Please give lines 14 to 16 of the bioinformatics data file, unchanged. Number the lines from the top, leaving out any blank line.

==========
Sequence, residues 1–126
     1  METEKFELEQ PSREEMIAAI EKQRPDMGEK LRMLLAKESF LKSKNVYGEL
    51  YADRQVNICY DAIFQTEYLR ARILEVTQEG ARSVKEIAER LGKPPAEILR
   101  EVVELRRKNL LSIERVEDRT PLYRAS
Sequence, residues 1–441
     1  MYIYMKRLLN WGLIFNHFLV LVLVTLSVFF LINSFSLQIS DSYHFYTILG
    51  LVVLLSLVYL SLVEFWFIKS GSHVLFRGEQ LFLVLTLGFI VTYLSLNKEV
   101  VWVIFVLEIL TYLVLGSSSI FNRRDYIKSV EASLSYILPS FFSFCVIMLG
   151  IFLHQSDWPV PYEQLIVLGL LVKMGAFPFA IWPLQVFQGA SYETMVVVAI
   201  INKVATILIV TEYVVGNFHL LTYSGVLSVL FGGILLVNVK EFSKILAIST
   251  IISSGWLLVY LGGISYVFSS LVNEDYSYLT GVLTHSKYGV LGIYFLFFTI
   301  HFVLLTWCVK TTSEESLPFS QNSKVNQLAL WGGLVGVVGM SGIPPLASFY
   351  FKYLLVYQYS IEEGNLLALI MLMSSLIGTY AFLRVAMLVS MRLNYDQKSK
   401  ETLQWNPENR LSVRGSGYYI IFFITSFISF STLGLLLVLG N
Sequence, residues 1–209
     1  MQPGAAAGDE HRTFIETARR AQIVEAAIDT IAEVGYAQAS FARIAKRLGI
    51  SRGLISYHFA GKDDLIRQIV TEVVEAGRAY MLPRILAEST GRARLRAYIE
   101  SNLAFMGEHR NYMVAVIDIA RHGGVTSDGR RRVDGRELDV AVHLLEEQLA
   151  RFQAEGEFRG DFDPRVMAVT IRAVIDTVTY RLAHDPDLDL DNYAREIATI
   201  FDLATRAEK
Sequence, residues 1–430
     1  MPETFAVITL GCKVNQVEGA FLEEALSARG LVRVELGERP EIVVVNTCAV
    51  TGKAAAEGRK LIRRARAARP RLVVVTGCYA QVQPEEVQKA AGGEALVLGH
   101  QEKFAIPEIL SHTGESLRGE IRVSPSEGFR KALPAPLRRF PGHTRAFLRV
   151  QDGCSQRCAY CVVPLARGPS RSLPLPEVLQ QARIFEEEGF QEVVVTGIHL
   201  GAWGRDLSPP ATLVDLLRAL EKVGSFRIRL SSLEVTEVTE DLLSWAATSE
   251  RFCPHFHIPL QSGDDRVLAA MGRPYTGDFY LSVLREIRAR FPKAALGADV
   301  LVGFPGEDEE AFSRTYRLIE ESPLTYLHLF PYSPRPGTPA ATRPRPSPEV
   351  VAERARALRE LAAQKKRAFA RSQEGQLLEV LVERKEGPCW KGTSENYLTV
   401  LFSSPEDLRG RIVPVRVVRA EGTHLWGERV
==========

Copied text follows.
   401  ETLQWNPENR LSVRGSGYYI IFFITSFISF STLGLLLVLG N
Sequence, residues 1–209
     1  MQPGAAAGDE HRTFIETARR AQIVEAAIDT IAEVGYAQAS FARIAKRLGI